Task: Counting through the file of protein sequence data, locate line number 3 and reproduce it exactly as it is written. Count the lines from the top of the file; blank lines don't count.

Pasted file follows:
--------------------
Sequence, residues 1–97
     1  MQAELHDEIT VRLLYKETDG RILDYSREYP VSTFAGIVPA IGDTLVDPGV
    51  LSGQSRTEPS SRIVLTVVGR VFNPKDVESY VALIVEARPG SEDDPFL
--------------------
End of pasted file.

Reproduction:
    51  LSGQSRTEPS SRIVLTVVGR VFNPKDVESY VALIVEARPG SEDDPFL